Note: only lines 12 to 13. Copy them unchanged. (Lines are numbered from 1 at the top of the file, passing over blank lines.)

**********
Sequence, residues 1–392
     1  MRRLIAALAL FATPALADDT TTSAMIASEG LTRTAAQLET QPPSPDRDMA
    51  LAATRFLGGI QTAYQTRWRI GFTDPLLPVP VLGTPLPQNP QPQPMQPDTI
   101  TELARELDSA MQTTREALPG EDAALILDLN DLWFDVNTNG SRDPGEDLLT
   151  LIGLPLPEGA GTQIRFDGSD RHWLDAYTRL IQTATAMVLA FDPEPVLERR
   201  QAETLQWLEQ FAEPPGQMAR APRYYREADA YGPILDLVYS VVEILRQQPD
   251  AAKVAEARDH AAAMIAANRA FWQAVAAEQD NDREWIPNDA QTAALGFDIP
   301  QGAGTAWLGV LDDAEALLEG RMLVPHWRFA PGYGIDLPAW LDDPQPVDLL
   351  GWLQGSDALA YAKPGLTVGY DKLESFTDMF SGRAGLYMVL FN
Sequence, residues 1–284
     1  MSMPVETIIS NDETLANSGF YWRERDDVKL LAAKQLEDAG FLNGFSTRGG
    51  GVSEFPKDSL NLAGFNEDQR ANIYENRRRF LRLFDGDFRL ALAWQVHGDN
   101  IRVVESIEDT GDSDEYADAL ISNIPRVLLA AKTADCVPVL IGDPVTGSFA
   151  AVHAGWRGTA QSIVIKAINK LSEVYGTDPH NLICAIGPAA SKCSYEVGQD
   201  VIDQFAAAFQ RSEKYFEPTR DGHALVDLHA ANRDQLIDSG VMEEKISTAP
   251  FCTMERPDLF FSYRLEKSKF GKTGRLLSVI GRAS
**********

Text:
    51  GVSEFPKDSL NLAGFNEDQR ANIYENRRRF LRLFDGDFRL ALAWQVHGDN
   101  IRVVESIEDT GDSDEYADAL ISNIPRVLLA AKTADCVPVL IGDPVTGSFA